LOVE MAGIC: With Herbalist Phelicia Magnusson

LOVE MAGIC: With Herbalist Phelicia Magnusson

Phelicia came to us this summer, an energy both calming and invigorating at once, eager to share her passion for all things herbalism. She'll be returning to The Cellar to lead her second class, this time in tandem with fellow herbalist Fern Wynn, focusing on Love Magic February 9th. 

We asked her some questions about herbs, rituals, and why she's so magical....

First order of business, what is Herbalism?

Herbalism is the medicine of the people, it is the expression of people living in harmony with their surroundings, knowing where plants grow and how they can be prepared and harvested as food and medicine. It is still one of the most widely practiced forms of medicine around the world for the very reason that it is deeply accessible. It is rich in history and can be found in every culture everywhere. Herbalism is the active awareness of knowing what is growing beneath your feet. It is the invitation to come into balance by caring for wild things, [with a] knowing that they care for you. Herbalism moves beyond active compounds and chemical constituents, it is the herbs in your grandmother’s cooking, your digestif, and the active story that tells how plants and humans have evolved together. 

Can you share your earliest memory of using plants as medicine?

My great grandmother grew bright red peppers in her Brooklyn apartment, she’d throw them in her fish stew and curries, and warn us kids not to bite into them. I understood it was ALL about the pepper. Ginger tea was her remedy for most things and it became mine. My mother whom I cross examined about her religious affiliation when I entered Catholic school told me that “Nature was [her] church.” These were my first influences when it came to seeing plants as medicine. I understood that many things could be cured with some pepper, ginger tea, or a walk outside.

Who is your current Herbal Crush?

I have an herbal crush daily, but I deeply admire the work of Dori Midnight, Sean Donahue, and Karen Rose because they all move with deep respect and awareness of others, and in their work. These folks are using herbalism as a platform to have discussions and navigate agency, power, access, ancestry, responsibility, community and empowerment.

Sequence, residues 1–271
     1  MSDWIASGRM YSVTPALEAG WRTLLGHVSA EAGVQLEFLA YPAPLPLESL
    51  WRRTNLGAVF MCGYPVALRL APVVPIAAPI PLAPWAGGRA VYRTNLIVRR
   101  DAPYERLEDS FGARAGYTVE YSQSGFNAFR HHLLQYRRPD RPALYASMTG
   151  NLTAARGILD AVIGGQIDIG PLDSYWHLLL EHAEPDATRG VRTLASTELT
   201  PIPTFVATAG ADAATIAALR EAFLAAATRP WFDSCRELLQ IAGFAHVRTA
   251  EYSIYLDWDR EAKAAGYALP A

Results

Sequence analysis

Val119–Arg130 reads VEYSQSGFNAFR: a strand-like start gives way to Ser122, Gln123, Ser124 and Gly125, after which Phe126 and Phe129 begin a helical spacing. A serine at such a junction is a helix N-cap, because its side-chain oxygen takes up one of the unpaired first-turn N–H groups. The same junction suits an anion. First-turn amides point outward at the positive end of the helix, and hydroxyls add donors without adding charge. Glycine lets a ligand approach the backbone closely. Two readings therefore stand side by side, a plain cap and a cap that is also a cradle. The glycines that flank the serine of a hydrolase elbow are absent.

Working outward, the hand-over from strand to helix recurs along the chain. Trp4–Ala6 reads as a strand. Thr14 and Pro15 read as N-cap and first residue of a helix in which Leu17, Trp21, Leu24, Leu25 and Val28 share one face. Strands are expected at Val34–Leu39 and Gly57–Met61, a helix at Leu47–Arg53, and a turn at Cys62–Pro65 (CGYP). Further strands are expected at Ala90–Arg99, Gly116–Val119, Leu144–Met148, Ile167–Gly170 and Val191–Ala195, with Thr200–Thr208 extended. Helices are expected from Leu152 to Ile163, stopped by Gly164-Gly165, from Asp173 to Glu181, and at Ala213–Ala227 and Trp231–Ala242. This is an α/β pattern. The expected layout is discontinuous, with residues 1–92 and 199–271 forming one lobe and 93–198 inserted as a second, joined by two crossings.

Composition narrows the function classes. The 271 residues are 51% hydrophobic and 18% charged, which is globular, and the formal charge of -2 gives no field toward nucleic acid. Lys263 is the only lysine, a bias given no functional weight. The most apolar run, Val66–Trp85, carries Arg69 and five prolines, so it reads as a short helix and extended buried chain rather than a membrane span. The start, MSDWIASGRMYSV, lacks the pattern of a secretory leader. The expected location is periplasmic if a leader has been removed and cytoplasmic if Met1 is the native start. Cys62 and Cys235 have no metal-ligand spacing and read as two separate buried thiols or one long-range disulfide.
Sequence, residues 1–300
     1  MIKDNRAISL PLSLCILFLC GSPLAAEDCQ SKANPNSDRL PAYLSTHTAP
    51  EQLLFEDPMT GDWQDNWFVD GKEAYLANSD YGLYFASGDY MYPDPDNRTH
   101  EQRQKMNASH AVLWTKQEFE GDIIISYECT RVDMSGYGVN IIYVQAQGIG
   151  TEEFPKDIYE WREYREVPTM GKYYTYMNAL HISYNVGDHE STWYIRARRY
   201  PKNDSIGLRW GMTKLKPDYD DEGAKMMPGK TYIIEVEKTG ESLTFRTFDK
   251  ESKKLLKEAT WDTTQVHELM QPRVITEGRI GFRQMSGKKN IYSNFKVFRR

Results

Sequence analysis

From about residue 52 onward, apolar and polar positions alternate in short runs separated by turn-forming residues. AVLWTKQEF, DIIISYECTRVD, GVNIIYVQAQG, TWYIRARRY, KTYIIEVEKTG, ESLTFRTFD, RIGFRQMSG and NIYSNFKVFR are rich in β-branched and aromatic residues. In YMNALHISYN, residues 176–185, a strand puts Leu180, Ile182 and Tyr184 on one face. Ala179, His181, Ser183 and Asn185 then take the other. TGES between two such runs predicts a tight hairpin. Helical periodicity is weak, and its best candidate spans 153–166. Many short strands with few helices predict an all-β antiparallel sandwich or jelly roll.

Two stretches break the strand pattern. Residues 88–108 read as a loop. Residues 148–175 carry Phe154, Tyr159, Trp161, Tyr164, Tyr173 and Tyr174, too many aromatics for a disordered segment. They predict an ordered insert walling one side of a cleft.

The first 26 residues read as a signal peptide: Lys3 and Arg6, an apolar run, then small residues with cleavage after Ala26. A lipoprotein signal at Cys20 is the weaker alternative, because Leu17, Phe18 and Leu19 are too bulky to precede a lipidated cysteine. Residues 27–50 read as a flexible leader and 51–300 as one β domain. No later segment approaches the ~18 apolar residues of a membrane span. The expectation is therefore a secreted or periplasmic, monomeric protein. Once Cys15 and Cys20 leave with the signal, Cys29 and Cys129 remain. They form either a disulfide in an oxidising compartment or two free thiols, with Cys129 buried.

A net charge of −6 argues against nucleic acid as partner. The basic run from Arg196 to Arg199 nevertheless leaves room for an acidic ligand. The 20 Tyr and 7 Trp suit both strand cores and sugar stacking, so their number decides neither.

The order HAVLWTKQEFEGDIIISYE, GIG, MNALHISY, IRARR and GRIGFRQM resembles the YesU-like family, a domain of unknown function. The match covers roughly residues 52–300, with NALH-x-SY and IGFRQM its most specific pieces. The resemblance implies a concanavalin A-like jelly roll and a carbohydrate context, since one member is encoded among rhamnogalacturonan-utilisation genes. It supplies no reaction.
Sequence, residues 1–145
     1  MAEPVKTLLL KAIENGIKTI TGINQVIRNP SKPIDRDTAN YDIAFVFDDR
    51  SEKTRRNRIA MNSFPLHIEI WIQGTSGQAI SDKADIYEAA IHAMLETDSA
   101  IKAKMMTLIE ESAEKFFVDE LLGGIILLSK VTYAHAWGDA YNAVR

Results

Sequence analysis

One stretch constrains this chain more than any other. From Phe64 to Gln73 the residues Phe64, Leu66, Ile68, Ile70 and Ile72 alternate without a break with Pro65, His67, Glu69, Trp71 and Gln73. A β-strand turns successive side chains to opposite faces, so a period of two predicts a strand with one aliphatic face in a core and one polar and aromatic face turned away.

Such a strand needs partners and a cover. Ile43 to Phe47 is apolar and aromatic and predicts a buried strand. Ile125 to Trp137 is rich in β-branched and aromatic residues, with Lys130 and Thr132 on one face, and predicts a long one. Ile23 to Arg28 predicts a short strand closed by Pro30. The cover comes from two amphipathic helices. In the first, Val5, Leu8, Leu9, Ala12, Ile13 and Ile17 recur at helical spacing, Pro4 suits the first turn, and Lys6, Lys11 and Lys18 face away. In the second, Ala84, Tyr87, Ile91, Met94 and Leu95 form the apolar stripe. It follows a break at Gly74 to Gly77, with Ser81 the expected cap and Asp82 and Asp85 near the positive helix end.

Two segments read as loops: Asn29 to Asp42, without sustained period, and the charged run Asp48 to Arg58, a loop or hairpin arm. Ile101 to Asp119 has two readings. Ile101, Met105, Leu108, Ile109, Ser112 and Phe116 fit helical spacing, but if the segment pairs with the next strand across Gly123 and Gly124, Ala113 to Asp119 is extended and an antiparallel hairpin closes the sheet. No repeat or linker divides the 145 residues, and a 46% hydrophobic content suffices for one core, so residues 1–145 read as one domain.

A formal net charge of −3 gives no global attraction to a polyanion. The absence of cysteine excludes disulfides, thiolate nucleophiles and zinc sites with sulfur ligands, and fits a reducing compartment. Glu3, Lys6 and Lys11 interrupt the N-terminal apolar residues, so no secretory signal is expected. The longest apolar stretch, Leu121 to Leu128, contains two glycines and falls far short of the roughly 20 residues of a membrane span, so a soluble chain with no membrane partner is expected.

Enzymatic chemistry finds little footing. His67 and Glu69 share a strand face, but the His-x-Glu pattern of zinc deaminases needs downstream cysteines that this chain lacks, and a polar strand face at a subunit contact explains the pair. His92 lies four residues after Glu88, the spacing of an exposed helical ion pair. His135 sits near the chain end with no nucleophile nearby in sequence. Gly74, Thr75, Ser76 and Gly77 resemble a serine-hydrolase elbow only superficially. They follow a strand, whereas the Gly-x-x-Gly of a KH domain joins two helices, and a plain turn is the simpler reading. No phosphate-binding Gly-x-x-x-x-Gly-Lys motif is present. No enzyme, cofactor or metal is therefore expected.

Any advice would would share with someone interested in exploring a career in herbalism? or using it more at home?

Folks who are interested in herbalism or working with plants in general, I urge you to become aware of the plants that are growing around you. Get to know them intimately beyond their medical application - to know them season by season, to know herbs by picking up a cookbook that invites you to bring plants into you everyday life. I also tell folks to ask about the medicines in their family. What remedies did your grandmother use? Who was the master gardener in your family? What plants do you always seem to notice? What were the secret ingredients in your family’s favorite dishes? I encourage folks to start their journey with herbalism by uncovering the ways in which plants are already a part of their lineage.

Phelicia travels

We know you love to travel! If you could travel anywhere next, where and why?

My hips long to travel to Salvador, Brazil to dance samba, practice capoeria and learn the way herbs are used in the ritual practice in celebration of the Orishas. My hands wish to go to Nigeria to uncover the medicines that follow my father’s name... Travel is like this for me, every part of me longs to learn in a different place for a number of reasons, I am always learning how it comes together and how I am truly a citizen of the world.

What kind of rituals do you frequently practice to bring you balance?

To bring myself into balance I consistently employ my connection to water or any of the other elements. When I feel at a loss in my connections with folks I spend time by the ocean observing her movements, the way she ebbs and flows, nests on the shore and releases. I bathe often with strong infusions of Rue, Rosemary, or Basil, or another plant I feel drawn to. I’ll add flowers to my bath, like Calendula and Roses and I’ll call on the wisdom and Spirit of these plants through song, gratitude and offerings to come into harmony with myself. I observe and work with the Lunar cycles to understand the timing of my life and connection to the world in a way that is cyclical instead of linear. 

I move through spaces making sure I am gathering my energy and bringing it into the present. Sometimes I do this with breathing exercises, or by sitting down with a tea. Other times I do this by becoming aware of the plants I see everywhere - the ones that make their way through the cracks in the cement, that tower over the sidewalk or look at me roadside as I sit in traffic or ride the bus. Becoming aware of the plant life that exists everywhere is a ritual practice that’s allowed me to find home in my body, in my travels and in moments of fatigue, panic, and ungrounded bliss.


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